Mexican American Mistreatment

896 Words 4 Pages
The 1848 Treaty of Guadalupe Hidalgo ended the short-lived Mexican-American War and awarded the United States more than half of Mexico’s territory. As the border moved south to the Rio Grande, between 75,000 and 100,000 Mexican citizens suddenly found themselves living in American territory. They were unfamiliar with their new country’s laws, language, and customs, and although the Treaty had awarded these new Mexican-Americans the full protections and rights of United States citizenship, it did not lessen the tensions caused by the recently ended war. In fact, for most Americans, the war had solidified their stereotypes of Mexicans—they were an inferior, cowardly, lazy, and immoral people. As a result, Mexicans became the frequent victims …show more content…
Some wealthier Mexican-Americans, however, chose to reject their Mexican heritage, proclaiming instead that they were from Spain, and were therefore white. This essay hopes to identify the connection between these various events and asks the question: How did the United States’ oppressive treatment of Mexican-Americans affect the formation of the their identity in the Southwestern United States from 1848-1900?
In order to answer this question, it is important to examine the subject’s historiography. The scholars’ work that most helps me with my research can be divided into three main themes—the mistreatment of Mexican-Americans in the Southwest, the establishment of a Mexican ethnic awareness, and the development of alternative Mexican-American identities. The abuse directed towards Mexican-Americans is widely documented by several authors and took two main forms. There was the physical violence, such as the lynching of Mexican-Americans, described by Carrigan and Webb and Juan Gonzalez , and the robbery of Mexican-American cattle and beatings delivered by the Rangers, described by McWilliams . There was also the structural, social, political, and economic abuse described by many of the authors I read, including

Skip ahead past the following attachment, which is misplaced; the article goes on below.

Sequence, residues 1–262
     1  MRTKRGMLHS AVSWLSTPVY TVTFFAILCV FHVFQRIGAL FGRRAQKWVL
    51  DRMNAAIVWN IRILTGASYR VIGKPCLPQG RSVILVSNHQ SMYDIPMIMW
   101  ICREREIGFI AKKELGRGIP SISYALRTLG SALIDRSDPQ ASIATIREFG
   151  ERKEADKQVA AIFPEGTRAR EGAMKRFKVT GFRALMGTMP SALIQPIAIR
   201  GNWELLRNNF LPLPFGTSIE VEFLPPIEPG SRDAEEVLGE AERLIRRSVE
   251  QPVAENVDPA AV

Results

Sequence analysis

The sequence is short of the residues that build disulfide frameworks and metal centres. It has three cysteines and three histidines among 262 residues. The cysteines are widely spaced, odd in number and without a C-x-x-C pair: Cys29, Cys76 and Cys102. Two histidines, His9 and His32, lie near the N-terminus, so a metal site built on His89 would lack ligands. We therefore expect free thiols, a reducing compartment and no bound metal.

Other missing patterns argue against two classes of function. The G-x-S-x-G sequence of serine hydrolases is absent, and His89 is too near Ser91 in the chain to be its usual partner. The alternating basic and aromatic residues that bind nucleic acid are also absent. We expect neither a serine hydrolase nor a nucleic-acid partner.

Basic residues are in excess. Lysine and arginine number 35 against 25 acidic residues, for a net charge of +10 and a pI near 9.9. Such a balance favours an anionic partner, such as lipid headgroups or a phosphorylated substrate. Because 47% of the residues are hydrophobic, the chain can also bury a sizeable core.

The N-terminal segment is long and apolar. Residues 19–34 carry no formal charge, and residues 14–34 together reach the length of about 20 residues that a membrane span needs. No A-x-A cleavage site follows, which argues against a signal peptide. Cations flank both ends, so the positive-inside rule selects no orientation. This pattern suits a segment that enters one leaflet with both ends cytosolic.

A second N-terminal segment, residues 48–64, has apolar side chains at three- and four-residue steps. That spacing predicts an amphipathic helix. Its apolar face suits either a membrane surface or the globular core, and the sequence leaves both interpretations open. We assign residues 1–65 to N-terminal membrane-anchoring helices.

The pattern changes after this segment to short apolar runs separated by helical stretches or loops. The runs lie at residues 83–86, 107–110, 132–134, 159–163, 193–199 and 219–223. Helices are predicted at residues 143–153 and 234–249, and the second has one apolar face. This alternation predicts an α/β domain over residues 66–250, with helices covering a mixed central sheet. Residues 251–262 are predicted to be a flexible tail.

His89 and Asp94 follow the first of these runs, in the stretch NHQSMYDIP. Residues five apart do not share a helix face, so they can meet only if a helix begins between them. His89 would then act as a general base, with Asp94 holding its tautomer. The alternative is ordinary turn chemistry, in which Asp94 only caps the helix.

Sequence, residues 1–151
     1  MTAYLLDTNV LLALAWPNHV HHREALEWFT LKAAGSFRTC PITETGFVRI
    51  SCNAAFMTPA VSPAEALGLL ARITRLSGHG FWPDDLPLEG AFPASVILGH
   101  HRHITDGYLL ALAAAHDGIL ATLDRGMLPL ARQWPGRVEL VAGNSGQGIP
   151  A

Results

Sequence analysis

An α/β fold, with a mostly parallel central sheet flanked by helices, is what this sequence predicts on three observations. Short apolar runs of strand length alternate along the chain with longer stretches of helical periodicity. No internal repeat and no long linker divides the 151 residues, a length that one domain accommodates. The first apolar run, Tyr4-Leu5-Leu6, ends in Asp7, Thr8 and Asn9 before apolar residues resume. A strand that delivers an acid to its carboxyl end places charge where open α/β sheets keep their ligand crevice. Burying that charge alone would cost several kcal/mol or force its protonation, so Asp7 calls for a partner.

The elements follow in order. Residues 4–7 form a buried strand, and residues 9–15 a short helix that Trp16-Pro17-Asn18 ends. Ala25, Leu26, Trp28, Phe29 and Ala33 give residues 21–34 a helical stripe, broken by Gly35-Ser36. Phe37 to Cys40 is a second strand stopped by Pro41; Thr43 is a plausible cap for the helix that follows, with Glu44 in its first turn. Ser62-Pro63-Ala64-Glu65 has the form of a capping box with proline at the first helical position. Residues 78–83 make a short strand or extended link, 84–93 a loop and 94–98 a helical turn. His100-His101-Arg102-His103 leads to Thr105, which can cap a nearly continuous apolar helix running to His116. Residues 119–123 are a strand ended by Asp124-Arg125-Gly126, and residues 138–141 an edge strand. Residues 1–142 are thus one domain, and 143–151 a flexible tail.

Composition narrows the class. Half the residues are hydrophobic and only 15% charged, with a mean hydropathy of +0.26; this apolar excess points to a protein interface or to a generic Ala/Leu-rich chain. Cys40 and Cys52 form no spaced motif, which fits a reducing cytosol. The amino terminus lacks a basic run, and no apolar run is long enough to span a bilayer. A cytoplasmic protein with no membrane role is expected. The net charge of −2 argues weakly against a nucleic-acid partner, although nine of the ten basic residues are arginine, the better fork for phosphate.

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To discuss the abuse of Mexican-Americans, I found several New York Times articles from the late 19th century that cover various incidents of Mexican-American lynching. I also found a book from the late 19th century that demonstrates how Mexican-Americans had their land stolen by squatters. To analyze the development of mexicanidad, I found the corrido of Gregorio Cortez. The corrido as a style of folkloric-expression is important because of its theme—the Mexican-American hero from the border, defending his rights and fighting injustice from the United States with a gun in his hand. The corrido of Gregorio Cortez presents the Mexican-American as a crafty, humble man who is doing nothing more than protecting himself from the corrupt sense of justice in the United States. The popularity of the corrido that was so oppositional to the United States, therefore, demonstrated a growing unity in the community and the solidification of the Mexican-American identity with a “them versus us” mentality. Finally, I have several other newspaper articles from the New York Times that make explicit mention of a division between Mexican-Americans and Spanish-Americans, even stating that Spanish-Americans are not from the same

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